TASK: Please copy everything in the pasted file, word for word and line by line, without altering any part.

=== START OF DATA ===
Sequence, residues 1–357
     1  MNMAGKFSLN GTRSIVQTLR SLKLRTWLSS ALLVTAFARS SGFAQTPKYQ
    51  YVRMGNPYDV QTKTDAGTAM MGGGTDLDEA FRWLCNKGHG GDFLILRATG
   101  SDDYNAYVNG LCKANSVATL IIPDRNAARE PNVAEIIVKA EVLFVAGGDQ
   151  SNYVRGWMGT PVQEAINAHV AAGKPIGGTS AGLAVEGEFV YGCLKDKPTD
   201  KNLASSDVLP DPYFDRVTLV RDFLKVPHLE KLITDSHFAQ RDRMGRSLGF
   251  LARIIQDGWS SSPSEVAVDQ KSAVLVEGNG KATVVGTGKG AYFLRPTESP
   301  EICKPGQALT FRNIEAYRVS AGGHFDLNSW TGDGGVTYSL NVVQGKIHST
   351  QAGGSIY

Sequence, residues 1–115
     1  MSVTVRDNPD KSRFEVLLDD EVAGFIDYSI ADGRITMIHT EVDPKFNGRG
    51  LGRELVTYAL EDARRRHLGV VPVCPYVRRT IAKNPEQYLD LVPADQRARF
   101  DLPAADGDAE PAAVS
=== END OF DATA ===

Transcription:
Sequence, residues 1–357
     1  MNMAGKFSLN GTRSIVQTLR SLKLRTWLSS ALLVTAFARS SGFAQTPKYQ
    51  YVRMGNPYDV QTKTDAGTAM MGGGTDLDEA FRWLCNKGHG GDFLILRATG
   101  SDDYNAYVNG LCKANSVATL IIPDRNAARE PNVAEIIVKA EVLFVAGGDQ
   151  SNYVRGWMGT PVQEAINAHV AAGKPIGGTS AGLAVEGEFV YGCLKDKPTD
   201  KNLASSDVLP DPYFDRVTLV RDFLKVPHLE KLITDSHFAQ RDRMGRSLGF
   251  LARIIQDGWS SSPSEVAVDQ KSAVLVEGNG KATVVGTGKG AYFLRPTESP
   301  EICKPGQALT FRNIEAYRVS AGGHFDLNSW TGDGGVTYSL NVVQGKIHST
   351  QAGGSIY

Sequence, residues 1–115
     1  MSVTVRDNPD KSRFEVLLDD EVAGFIDYSI ADGRITMIHT EVDPKFNGRG
    51  LGRELVTYAL EDARRRHLGV VPVCPYVRRT IAKNPEQYLD LVPADQRARF
   101  DLPAADGDAE PAAVS